Latino Literature for Young Adults
Revision as of 18:30, 19 January 2012; view current revision
←Older revision | Newer revision→
←Older revision | Newer revision→
A printable pdf of this booklist is available here (6/2011)
Bold Italic indicates titles with bilingual content or available in Spanish-language format.
- Estrella’s Quinceañera, by Malin Alegria. Estrella’s mom is planning her quinceañera, and her friends at private school are focused on other things. Can she find a balance? For another quince tale, try Nancy Osa’s Cuba 15; for true stories about this tradition, try Once Upon a Quinceañera: Coming of Age in the U.S.A by Julia Alvarez.
- City of the Beasts, by Isabel Allende. Fifteen-year-old Alexander joins his grandmother on a mission to the Amazon to hunt for an ancient beast. He becomes involved in a struggle for survival with the Indians.
- A Movie in My Pillow/Una Película en Mi Almohada by Jorge Argueta. Poems recounting the childhood experiences of the author, after his family left El Salvador and came to live in San Francisco in the 1980s.
- Home is Everything: the Latino Baseball Story, by Marcos Bretón. Great photos and parallel Spanish and English text tell the story of Latin American baseball players in the Major Leagues, including Roberto Clemente, Orlando Cepeda, and Jose Santana.
- Colibri, by Ann Cameron. A twelve-year-old Mayan girl in Guatemala is kidnapped, forced to beg, and live a rough life, and she must find a way to break free and create a life for herself. For another account of a Mayan girl in present-day Guatemala, try Ben Mikaelsen’s Tree Girl, based on a true story.
- The Tequila Worm, by Viola Canales. Sofia grows up in a close-knit Mexican-American community in the barrio in McAllen, Texas, but is forced to question her ties to that world as a scholarship student at a private boarding school in Austin.
- Red Hot Salsa: Bilingual Poems on Being Young and Latino in the United States, edited by Lori Marie Carlson. This collection of bilingual, bicultural poems touches on topics such as language, identity, neighborhoods, love, and family. For more, try Cool Salsa: Bilingual Poems on Growing Up Latino in the United States.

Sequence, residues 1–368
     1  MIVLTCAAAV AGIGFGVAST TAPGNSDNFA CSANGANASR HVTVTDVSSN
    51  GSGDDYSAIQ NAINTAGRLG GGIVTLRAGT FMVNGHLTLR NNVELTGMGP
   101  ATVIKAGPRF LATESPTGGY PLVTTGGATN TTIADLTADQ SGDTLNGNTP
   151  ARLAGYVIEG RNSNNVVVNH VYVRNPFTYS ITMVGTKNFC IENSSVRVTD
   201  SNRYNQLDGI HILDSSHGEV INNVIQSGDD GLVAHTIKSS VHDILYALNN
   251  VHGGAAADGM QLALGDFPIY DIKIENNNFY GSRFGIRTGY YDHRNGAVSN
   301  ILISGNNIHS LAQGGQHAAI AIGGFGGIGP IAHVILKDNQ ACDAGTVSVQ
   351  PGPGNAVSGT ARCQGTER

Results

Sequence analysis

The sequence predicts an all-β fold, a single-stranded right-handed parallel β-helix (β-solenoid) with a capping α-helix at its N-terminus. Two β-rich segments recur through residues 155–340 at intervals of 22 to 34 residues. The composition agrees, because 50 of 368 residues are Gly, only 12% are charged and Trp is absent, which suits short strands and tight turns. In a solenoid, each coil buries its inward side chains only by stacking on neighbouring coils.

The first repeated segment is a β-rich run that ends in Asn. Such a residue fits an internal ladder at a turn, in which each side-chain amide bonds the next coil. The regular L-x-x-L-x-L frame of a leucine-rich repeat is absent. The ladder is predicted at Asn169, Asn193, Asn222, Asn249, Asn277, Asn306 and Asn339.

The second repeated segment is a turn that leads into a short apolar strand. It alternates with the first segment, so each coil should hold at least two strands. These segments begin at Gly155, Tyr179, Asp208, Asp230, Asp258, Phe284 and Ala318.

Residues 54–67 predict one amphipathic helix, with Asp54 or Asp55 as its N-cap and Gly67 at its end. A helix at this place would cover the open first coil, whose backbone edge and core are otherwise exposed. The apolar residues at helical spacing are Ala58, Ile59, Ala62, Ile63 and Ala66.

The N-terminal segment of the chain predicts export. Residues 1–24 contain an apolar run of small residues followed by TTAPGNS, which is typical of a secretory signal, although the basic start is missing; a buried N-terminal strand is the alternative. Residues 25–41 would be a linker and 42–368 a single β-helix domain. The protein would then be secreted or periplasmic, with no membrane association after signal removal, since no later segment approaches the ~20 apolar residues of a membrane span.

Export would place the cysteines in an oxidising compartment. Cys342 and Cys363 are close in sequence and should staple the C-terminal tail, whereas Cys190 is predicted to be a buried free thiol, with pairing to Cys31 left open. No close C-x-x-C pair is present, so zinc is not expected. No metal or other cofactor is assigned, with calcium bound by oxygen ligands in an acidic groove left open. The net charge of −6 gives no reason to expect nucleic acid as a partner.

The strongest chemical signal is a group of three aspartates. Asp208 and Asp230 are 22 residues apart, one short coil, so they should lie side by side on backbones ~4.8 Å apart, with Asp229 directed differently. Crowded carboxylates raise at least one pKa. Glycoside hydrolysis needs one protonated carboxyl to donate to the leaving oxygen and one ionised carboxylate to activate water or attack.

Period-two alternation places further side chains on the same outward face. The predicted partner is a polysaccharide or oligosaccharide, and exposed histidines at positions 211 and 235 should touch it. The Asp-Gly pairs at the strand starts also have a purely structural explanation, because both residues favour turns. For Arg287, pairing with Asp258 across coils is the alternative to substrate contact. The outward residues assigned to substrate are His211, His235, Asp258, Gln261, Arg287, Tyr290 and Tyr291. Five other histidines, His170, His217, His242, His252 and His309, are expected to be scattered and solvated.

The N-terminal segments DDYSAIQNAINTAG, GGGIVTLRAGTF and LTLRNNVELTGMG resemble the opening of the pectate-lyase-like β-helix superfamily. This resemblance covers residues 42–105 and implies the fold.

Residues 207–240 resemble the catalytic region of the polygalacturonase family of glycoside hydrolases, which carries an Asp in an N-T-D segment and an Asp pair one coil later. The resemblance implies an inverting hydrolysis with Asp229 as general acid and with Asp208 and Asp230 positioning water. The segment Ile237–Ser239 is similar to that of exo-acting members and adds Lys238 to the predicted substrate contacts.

- Prizefighter en Mi Casa, by E. E. Charlton-Trujillo. Twelve-year-old Chula was in a car accident and has developed epilepsy. She must deal with her new condition, with help from a Mexican boxer.
- Call Me María, by Judith Ortiz Cofer. Fifteen-year-old Maria leaves Puerto Rico to live with her father in the barrio of New York City.
- The Poet Slave of Cuba, by Margarita Engle. A free verse account of the boyhood of a 19th-century Cuban slave who secretly learned to read and write.
- La Linea, by Ann Jaramillo. Miguel must leave his Mexican village, cross the border illegally, and join his parents in California, but what about his little sister?
- The Color of my Words, by Lynn Joseph. 12-year-old Ana Rosa’s brother is endangered when he organizes resistance to the government, in order to save their Dominican village.
- Call Me Henri, by Lorraine M. Lopez. Enrique’s school wants to force him to take ESL, but he has different goals. He wants to take French, and escape the violent life of the barrio.
- Heat, by Mike Lupica. Michael Arroyo can pitch like anything. But before he can take his Little League team to the championships, he must prove he can play, and hide a secret from social services.
- Red Glass, by Laura Resau. 16-year-old Sophie’s family adopts a 6-year-old boy from Mexico, and they travel to meet with his family.
- Sammy and Juliana in Hollywood, by Benjamin Alire Saenz. Sammy lives in Hollywood, New Mexico in 1969, and has to deal with barrio violence and racism.
- Wachale! Poetry and Prose on Growing up Latino in America, edited by Ilan Stavans. A collection of poems and stories in English and Spanish, celebrating Latino diversity. Also try the collections Riding Low on the Streets of Gold, edited by Judith Ortiz Cofer or Crazy Loco, by David Rice.
- Cubanita, by Gabby Triana. 17-year-old Isabel, eager to leave Miami to attend the University of Michigan and escape her overprotective Cuban mother, learns some truths about her family’s past and makes important decisions about the type of person she wants to be.
Also, look for books by these authors: